Friday, October 14, 2022

New Exhibit: "Indigenizing an Institution"

On Monday, October 10, 2022, students belonging to the group Native Americans at Dartmouth (NAD) hosted a gathering on The Green in honor of Indigenous People's Day. Members of NAD distributed signs, read speeches, and presented poems to the 150+ individuals in attendance. The mood was somber, as students reflected on the historical oppression of Indigenous peoples as well as modern forms of violence enacted against their communities. However, the event was also celebratory, as members of NAD, or "NADs", emphasized the resilience of Indigenous peoples and their distinct cultural practices. 

The style of assembly was not unique - in fact, Native students have orchestrated numerous events with the objective of raising awareness for Indigenous issues over the decades. Specifically, the past 50 years have witnessed NADs utilize petitions, demonstrations, symposiums, and more to share their concerns with others and advocate for pan-Indian causes. Commonly, such events were intended to counteract pervasive and harmful imagery, language, or "traditions" on campus related to Native representation. in other instances, such as the protests against Dartmouth's controversial investment in Hydro-Quebec, the tenacity of NADs ultimately benefited others. 

Despite The College's foundational promise to educate Native youth, such affairs were neglected by the school for nearly 200 years, cultivating an environment that was hostile towards Indigenous peoples. By 1970, only nineteen Native students had graduated from Dartmouth, which likely contributed to the general disregard for Indigenous peoples and customs by others on campus. However, the re-dedication of the institution's commitment to instruct Native pupils occurred around this period, precipitating record numbers of Indigenous students matriculating at the college. In recent years, Indigenous voices (with the assistance of their allies) have been instrumental in producing positive change at Dartmouth, especially as it pertains to the Native community.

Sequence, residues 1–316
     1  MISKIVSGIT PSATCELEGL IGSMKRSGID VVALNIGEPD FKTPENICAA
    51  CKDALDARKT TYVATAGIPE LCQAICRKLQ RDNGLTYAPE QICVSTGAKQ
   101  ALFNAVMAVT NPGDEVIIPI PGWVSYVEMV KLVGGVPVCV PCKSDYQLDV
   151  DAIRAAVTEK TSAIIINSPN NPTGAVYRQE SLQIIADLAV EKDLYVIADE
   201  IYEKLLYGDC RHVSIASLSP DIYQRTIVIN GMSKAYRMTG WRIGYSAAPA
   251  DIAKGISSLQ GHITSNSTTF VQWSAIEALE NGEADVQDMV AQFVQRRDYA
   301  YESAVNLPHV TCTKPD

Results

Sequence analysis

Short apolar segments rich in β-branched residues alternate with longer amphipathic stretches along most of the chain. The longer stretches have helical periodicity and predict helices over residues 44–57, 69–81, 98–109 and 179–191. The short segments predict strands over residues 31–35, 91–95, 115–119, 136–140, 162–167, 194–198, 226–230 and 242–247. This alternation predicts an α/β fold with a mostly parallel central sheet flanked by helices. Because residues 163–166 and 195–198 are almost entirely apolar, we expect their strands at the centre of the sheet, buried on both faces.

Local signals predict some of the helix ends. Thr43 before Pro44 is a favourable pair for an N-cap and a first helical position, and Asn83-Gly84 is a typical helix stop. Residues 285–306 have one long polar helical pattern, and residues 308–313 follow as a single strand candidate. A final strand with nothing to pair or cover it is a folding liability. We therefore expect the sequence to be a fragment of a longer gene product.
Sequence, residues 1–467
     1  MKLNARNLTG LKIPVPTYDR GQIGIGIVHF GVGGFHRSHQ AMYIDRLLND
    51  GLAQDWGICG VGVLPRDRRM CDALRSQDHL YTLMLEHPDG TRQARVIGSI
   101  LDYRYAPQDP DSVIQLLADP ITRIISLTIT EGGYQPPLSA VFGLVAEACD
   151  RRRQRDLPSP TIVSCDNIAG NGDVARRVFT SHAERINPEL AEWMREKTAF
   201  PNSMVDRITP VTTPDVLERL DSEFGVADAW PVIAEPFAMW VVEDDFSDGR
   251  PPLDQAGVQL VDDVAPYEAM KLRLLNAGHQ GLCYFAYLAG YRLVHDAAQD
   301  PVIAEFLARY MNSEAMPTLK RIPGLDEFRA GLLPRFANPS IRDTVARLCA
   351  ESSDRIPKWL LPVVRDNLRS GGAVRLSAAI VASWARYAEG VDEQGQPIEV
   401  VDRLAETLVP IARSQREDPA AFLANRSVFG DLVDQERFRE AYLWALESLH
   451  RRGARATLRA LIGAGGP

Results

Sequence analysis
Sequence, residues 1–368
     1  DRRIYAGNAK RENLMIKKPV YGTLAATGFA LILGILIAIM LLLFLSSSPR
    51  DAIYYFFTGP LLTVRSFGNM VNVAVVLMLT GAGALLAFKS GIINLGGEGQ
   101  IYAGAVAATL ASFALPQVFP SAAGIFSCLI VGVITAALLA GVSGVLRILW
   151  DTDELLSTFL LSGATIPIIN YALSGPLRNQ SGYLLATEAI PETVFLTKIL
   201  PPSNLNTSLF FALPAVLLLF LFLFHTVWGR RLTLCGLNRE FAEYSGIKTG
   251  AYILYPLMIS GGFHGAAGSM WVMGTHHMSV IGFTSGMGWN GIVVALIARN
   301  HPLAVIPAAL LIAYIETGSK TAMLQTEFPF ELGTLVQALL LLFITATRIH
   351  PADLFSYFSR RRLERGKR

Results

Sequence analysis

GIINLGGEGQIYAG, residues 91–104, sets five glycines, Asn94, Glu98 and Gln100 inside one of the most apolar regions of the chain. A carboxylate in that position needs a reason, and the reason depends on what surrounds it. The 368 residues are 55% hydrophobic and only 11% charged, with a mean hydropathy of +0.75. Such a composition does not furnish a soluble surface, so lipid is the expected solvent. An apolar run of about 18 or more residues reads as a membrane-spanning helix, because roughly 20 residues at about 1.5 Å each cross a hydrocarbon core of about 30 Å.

Our Lathem Special Collections Fellow, Sydnie Ziegler '22, has an exhibit called "Indigenizing an Institution," which aims to showcase the actions and achievements of Indigenous student advocacy since the 70s. It will remain on display in the Rauner Library foyer from October 10th through the end of November (Native American Heritage Month).